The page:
What's the Big Deal about Good Posture?

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    Your body has a tremendous capacity for agility and power. The secret into tapping into that power is in the postural system.

    Powerful posture is more than sitting up straight – it's the ability to activate, feel, and coordinate muscles that protect you from orthopedic dysfunction, and create stability and balance.

    We tend to think of posture as how we hold ourselves while we're still, but posture plays a larger roll in how we move. It's the complex syncronization of your nervous system, muscles, fascia, ligaments, and tendons.

    Your Posture is Affecting More Than You Realize

    Bad posture affects more than your joints. It puts stress on your organs, nervous system, circulation, and even your thinking, making you tired and sluggish. It forces your nervous system to work overtime, causing fascia to become tight, inflamed, and painful. Good posture

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    restores healthy function – not just of your muscles, but your whole body, restoring your energy and vitality!

    Athletic Performance is Limited to Postural Performance

    Postural muscles are responsible for agility and balance. Your other (primary) muscles are responsible for doing things, like throwing a ball, while your postural muscles are the ones that aim it in the right direction, so your level of success is directly related to your ability to coordinate your postural muscles with your primary muscles.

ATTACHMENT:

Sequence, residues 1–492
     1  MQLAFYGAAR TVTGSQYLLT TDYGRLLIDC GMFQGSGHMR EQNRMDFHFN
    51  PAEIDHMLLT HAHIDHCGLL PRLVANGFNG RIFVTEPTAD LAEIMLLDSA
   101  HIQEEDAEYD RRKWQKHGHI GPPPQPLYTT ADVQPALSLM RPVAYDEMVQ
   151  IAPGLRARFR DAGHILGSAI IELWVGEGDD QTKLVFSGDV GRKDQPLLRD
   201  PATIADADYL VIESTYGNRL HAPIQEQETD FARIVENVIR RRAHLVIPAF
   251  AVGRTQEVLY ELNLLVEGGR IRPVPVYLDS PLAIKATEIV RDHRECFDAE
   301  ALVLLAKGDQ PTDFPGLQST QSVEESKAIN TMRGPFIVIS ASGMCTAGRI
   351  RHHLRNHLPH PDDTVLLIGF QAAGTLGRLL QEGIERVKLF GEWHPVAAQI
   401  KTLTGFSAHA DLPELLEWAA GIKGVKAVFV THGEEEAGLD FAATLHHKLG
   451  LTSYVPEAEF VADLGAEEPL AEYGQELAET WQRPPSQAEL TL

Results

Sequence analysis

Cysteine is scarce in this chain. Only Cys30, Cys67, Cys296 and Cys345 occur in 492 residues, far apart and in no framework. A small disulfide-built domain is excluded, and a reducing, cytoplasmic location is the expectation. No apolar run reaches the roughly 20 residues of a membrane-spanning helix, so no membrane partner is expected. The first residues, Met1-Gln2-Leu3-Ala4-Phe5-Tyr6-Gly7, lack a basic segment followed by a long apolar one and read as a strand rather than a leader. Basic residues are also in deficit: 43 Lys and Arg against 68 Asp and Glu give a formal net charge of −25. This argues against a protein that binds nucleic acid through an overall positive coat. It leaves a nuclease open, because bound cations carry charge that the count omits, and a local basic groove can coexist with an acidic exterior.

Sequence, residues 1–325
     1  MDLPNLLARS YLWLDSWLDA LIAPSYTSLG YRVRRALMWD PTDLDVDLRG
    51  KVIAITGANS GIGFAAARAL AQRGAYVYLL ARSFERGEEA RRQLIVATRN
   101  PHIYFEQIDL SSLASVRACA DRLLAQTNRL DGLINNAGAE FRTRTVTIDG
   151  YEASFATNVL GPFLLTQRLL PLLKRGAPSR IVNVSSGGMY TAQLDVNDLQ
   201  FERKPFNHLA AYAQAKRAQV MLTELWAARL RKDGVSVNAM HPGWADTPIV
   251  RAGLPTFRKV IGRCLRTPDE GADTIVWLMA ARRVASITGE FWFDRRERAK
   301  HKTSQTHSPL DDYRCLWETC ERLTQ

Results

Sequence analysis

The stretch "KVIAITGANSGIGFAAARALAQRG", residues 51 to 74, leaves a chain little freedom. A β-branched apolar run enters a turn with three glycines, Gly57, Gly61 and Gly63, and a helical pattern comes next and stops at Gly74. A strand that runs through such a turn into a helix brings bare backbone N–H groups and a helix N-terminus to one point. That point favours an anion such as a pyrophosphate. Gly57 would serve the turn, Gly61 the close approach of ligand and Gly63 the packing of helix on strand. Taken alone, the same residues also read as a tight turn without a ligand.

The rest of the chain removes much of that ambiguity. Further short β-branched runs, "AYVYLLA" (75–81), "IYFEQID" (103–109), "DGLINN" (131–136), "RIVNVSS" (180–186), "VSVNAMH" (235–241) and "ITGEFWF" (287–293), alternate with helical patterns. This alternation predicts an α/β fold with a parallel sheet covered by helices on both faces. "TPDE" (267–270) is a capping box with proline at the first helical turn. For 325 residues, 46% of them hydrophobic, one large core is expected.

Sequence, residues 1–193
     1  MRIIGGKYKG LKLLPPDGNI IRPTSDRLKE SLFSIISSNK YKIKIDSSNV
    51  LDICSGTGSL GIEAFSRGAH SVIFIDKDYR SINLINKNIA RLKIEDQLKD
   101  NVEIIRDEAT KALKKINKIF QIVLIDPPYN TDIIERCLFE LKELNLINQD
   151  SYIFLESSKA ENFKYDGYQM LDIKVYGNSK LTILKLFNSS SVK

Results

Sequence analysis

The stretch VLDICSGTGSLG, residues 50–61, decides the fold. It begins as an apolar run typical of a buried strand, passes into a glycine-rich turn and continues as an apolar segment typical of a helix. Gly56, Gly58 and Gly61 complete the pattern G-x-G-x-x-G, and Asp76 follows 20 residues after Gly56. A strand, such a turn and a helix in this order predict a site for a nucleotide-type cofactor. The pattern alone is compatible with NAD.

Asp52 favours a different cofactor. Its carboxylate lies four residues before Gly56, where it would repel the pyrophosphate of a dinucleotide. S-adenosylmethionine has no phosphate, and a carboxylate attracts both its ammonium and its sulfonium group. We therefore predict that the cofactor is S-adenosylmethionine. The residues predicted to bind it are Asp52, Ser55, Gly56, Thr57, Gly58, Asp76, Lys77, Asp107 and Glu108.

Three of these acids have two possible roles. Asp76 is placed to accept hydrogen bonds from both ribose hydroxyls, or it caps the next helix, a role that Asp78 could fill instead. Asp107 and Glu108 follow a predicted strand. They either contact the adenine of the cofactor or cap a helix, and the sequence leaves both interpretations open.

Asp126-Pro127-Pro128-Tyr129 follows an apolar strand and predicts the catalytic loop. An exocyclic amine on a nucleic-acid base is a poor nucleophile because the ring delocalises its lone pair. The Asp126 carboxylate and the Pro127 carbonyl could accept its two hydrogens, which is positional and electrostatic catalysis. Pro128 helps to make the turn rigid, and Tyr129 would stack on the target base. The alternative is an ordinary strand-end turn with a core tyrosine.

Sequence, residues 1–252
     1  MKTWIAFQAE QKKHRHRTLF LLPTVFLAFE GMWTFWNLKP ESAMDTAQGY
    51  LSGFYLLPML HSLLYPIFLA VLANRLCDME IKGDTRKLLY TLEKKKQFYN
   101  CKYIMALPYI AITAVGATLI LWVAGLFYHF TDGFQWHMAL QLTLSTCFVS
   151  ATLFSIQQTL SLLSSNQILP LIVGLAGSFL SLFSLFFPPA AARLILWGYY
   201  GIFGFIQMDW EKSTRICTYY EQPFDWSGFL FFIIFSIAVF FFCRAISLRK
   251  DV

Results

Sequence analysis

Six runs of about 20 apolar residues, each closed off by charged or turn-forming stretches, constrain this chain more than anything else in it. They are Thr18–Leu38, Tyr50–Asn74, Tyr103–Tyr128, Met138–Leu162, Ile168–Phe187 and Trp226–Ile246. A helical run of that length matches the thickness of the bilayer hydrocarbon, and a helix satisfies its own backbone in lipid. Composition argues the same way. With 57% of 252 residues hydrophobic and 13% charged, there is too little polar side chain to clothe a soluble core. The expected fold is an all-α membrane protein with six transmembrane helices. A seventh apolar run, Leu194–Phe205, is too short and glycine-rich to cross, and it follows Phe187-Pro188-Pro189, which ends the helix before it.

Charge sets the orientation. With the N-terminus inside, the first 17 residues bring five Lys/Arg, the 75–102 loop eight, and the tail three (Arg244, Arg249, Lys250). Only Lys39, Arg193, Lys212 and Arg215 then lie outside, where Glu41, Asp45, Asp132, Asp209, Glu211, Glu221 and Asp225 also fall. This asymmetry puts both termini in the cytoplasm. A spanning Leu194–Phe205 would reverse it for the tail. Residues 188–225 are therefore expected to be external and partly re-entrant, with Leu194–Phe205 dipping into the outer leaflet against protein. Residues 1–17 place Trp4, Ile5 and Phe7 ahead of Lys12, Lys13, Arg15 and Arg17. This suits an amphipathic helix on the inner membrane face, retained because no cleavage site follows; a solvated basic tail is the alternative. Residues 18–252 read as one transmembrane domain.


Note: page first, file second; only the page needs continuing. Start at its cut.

Postural muscles aren't fitness muscles. They're finesse muscles. They're responsible for how you move, not what you move.

    Stretching and Strengthening Chronically Tight and Weak Muscles Won't Help You Feel Better

    Weak and/or tight muscles aren't the cause of bad

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    posture; bad posture is the cause of weak and tight muscles. Imbalances in your postural habits cause imbalanced movement. Imbalance forces some muscles to stop short of their complete range of motion. When they don't work as hard as they're supposed to, they get weak. Other muscles are forced to pick up the slack, working to the point of exhaustion and making them tight.

    A few minutes of strengthening the weak muscles and stretching the tight muscles is a drop in the bucket when every step you take and every move you make reinforces the postural habits that caused the imbalance in the first place.

    You must learn to correct neuromotor patterns and apply them to whole movement. Practicing correct movement while exercising develops new, healthy motor habits, correcting tight and weak muscles.

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